I can remember the interview with Hayden Fry the day Bret Bielema was hired as head coach. Fry, Bielema's coach at Iowa, knew what Arkansas players would get, a man who they play hard for and love.
There are different ways to coach. Different ways to motivate. Without question, Bielema understands all of them. He can be tough, but he also is quick with a hug or a pat on the back or a reward.
Some players have talked about getting a text or an invitation to the office of the head coach for praise after making a high grade on a test. They said it had been their experience that you didn't hear from the head coach unless a mistake had been made in the past and it was not pleasant.
Strength coach Ben Herbert talked about mental rewards in a winter interview as he unveiled his philosophy to this reporter. He said nutrition and hydration were more important than weight lifting, although all go together to form the total athlete in his program. Sometimes it's as simple as having consistent breakfast and we found that out in the early part of training camp in August when Alex Collins got headaches for skipping the day's first meal.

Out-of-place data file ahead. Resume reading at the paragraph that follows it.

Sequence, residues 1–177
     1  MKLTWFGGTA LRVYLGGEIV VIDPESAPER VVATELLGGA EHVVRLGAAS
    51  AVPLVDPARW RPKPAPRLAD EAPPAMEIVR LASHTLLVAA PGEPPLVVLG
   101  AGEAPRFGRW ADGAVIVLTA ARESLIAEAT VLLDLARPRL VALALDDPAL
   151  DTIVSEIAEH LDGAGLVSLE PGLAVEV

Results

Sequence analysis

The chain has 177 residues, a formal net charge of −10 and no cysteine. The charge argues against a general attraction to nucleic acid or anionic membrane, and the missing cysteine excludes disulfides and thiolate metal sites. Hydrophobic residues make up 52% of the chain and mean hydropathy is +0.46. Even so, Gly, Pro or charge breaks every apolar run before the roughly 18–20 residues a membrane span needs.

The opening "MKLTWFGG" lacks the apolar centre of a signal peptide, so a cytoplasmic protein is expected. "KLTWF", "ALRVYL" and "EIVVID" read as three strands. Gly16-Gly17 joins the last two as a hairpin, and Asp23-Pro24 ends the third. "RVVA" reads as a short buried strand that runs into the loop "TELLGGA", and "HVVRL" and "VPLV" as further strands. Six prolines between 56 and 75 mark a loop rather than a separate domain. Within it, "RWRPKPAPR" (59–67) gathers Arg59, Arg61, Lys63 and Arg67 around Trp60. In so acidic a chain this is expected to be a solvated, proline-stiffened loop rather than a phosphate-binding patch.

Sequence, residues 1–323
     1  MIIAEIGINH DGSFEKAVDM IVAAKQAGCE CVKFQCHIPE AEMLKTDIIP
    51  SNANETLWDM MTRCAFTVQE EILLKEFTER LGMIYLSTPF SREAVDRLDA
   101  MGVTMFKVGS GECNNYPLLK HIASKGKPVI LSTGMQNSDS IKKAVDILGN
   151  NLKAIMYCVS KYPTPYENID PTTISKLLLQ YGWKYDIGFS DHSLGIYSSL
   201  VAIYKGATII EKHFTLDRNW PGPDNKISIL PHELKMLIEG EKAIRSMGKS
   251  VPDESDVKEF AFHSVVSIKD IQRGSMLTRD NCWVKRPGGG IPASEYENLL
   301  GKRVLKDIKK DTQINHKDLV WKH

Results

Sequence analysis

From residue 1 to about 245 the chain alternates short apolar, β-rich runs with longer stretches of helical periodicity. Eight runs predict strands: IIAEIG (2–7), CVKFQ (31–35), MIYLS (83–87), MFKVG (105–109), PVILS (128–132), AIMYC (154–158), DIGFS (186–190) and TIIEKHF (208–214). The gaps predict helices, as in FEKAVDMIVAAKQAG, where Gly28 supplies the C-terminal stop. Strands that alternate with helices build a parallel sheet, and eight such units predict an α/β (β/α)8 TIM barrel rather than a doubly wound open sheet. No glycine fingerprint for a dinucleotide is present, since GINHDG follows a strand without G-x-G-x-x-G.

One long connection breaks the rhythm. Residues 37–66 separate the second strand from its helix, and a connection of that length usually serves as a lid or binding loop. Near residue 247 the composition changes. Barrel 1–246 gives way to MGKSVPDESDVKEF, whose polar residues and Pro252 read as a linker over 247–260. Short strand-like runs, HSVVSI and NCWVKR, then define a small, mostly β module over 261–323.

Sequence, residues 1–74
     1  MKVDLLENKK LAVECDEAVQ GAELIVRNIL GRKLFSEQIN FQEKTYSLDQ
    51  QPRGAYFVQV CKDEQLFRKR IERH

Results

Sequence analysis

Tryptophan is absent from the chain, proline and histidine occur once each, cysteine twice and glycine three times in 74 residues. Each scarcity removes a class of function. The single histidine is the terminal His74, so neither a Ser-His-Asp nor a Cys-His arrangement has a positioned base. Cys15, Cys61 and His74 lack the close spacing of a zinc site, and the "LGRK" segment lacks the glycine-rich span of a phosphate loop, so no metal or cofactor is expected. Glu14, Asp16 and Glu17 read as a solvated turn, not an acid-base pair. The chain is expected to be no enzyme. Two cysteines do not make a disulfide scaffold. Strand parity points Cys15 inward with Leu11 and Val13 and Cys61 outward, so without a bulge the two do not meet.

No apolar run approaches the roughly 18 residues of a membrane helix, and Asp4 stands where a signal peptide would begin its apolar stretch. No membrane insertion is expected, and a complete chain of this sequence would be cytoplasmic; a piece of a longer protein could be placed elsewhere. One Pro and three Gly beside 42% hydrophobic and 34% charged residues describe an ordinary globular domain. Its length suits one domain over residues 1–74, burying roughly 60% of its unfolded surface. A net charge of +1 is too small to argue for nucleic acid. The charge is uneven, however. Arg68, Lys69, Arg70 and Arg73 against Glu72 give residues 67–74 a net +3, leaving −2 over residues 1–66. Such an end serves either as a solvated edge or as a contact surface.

Bielema lauded players in a March interview just ahead of spring drills for the way they had embraced nutrition. He said he saw fullback Kiero Small push away a cheesecake at dinner. Bielema said he could have eaten three of them, because they are that good. Small passed.
Herbert's message last winter is worth repeating.
"It's about setting the body up to be successful to reap the rewards of the work," he said. "That part is very real. It's the type of foods and fluids and the amount of sleep they get. That sets the table for who they want to be."
Herbert seemed like he also understands that there is fun to college.
"I think you have to be realistic," he said. "There is always room for mental health. There are some things that are not best for the body, but it might be good for mental health. You want good mental health, too."